Backlash to Tesco chairman claims that food firms are ‘profiteering’
There has been some backlash to comments made by Tesco chairman, John Allan that some food firms have been using inflation to hike prices higher than necessary.
In an interview with the BBC’s Laura Kuenssberg, Mr Allan said it was “entirely possible” that food producers were taking advantage of the poorest in society.
He added that Tesco was trying “very hard” to challenge any price hikes which it believes are ‘illegitimate’. He said that all supermarkets were challenging cost increases from suppliers where possible, and said Tesco was ‘confronting companies’ it believed were increasing prices higher than needed.
CHALLENGING PRICE HIKES
“We have a team who can look at the composition of food, costs of commodities, and work out whether or not these cost increases are legitimate,” he told Laura Kuenssberg. He added it was something his buying teams were dealing with “every day of the week”.
He also revealed that Tesco had “fallen out” with a “number of suppliers” after what he called “robust” discussions over price hikes that they had challenged.
However, many in the industry have since come out and slammed his comments, saying they ignored the immense cost pressures facing suppliers.
Minette Batters, the President of the National Farmers’ Union (NFU) said she was “baffled” by Mr Allan’s comments.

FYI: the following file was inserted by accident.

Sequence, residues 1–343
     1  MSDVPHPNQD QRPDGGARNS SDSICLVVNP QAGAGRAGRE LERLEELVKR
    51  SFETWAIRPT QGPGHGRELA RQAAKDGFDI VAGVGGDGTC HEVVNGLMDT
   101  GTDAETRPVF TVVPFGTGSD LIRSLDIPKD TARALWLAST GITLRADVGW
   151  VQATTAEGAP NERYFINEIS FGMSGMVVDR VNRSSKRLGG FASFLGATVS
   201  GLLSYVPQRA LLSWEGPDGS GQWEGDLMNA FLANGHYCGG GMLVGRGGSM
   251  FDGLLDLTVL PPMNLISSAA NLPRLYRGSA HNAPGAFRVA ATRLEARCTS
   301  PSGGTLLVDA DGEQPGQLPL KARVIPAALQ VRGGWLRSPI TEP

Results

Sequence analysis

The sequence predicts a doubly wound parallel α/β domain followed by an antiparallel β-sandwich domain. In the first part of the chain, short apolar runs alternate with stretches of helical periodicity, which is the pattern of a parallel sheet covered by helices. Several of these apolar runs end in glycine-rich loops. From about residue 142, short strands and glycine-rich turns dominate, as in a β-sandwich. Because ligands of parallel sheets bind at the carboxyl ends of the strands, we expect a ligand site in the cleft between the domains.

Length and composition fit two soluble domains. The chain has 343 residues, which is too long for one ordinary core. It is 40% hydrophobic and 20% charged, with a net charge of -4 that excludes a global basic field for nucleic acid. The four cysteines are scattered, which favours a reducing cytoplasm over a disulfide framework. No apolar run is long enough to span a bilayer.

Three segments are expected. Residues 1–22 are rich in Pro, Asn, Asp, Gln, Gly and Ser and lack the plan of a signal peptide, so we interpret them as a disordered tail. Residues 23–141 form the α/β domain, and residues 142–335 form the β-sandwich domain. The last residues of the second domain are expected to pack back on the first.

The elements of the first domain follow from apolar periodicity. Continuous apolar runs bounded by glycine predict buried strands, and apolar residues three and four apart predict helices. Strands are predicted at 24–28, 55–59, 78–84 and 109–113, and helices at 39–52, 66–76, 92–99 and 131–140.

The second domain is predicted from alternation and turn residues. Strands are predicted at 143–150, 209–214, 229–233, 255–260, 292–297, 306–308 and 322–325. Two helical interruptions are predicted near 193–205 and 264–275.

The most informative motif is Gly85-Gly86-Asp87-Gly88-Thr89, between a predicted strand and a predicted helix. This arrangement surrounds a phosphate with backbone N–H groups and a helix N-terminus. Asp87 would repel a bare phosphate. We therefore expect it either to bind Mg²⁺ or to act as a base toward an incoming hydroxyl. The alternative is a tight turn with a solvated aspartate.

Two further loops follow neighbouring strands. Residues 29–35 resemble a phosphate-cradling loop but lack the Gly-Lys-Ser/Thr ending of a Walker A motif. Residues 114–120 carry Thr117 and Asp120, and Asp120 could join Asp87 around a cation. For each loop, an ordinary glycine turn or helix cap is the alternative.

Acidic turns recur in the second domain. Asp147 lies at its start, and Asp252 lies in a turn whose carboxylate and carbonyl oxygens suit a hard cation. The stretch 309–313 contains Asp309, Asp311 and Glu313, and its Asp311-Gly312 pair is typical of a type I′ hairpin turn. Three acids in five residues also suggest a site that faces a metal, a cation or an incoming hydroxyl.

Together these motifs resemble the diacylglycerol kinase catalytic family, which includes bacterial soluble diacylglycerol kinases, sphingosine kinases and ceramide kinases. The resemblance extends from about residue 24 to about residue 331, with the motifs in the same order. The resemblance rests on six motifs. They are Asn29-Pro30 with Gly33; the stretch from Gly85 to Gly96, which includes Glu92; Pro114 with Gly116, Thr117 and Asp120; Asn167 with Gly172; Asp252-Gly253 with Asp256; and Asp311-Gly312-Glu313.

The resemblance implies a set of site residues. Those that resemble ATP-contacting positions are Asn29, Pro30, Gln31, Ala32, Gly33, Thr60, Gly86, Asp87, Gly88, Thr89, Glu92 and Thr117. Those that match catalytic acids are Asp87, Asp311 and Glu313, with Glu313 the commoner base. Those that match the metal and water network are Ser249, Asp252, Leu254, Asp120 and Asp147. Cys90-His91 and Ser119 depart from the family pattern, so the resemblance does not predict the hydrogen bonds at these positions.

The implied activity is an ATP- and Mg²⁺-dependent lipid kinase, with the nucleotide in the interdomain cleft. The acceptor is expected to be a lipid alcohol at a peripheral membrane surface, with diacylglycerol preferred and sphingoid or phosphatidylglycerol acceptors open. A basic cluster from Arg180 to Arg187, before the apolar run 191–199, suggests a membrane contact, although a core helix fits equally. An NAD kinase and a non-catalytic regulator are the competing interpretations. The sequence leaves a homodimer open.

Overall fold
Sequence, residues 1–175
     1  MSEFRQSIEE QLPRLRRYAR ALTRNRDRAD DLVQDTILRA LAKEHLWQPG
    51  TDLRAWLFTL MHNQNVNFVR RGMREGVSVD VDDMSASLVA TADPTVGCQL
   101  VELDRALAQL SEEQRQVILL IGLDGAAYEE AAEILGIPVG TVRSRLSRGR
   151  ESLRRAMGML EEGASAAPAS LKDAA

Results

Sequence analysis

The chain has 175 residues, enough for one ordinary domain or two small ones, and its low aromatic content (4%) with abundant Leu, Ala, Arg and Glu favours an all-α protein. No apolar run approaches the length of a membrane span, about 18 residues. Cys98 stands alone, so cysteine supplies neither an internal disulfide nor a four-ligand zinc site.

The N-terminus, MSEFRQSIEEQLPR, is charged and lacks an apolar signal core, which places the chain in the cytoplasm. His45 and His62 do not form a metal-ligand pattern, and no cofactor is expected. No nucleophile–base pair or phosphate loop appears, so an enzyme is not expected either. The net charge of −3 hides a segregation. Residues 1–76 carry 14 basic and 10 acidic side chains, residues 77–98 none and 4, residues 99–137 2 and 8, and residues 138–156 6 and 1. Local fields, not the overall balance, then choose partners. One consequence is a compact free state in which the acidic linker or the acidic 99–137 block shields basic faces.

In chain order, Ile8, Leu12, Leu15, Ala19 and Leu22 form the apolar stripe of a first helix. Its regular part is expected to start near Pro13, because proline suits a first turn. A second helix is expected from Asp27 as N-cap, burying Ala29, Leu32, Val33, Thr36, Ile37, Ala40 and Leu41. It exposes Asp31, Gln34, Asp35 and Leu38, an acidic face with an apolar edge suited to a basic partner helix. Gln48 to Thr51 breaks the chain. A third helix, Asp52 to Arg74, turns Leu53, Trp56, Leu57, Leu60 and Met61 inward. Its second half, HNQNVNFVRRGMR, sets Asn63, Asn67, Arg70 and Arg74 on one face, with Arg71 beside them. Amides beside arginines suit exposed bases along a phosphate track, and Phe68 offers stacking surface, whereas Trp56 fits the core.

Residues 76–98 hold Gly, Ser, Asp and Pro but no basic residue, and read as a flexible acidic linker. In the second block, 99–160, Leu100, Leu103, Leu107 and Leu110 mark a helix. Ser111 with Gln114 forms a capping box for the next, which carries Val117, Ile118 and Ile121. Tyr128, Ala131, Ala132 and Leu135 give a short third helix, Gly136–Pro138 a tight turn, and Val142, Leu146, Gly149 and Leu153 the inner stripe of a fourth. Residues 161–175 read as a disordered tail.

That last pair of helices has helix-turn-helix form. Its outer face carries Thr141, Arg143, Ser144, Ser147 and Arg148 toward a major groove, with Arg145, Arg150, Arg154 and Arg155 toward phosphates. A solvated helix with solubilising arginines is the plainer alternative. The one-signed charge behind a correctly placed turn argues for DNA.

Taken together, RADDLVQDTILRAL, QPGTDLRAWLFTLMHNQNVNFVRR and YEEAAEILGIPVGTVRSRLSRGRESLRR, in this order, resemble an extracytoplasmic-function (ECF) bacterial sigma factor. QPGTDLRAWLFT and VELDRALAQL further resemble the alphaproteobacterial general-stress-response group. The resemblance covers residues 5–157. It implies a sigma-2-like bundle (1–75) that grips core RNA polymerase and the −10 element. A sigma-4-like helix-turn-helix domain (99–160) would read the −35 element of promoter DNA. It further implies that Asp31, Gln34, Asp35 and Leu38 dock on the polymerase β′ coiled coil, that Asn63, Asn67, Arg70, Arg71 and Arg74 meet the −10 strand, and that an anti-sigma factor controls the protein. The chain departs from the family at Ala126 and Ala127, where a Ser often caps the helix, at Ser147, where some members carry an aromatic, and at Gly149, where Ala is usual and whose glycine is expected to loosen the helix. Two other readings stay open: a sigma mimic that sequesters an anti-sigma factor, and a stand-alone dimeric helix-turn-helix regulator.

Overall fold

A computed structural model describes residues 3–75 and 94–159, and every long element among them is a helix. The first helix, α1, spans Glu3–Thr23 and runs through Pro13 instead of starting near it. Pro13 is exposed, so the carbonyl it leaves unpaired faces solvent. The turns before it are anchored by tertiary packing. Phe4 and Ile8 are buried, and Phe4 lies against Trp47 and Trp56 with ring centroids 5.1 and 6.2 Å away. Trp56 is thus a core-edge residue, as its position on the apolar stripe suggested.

“It was almost like he was living in a parallel universe. For primary production from farms and growers, this has been absolutely unprecedented,” she told The Today programme.
“We’re seeing wholesale gas prices 600% higher than they were in 2019, and the cost of inflation on the back of that has dwarfed any price increases to date,” she added.
There was further reaction from the CEO of the Cold Chain Federation, who said Mr Allan’s remarks were “an ominous statement of intent”.
Shane Brennan also warned they could damage years of collaboration between supermarkets and suppliers, during Brexit and the pandemic.
Chief Executive of the Food and Drink Federation (FDF), Karen Betts said food suppliers had seen a “massive increase in their input costs” over the last few years.
“All our suppliers know they have a huge responsibility to keep food affordable. If they can’t pass these costs on, more businesses will go out of business. They can’t operate at a loss,” she said.
“Most supermarkets are asking suppliers to open their books to justify line by line where the price increases are coming in, so it’s difficult for Tesco to come out and say that companies are profiteering. They have the evidence,” she added.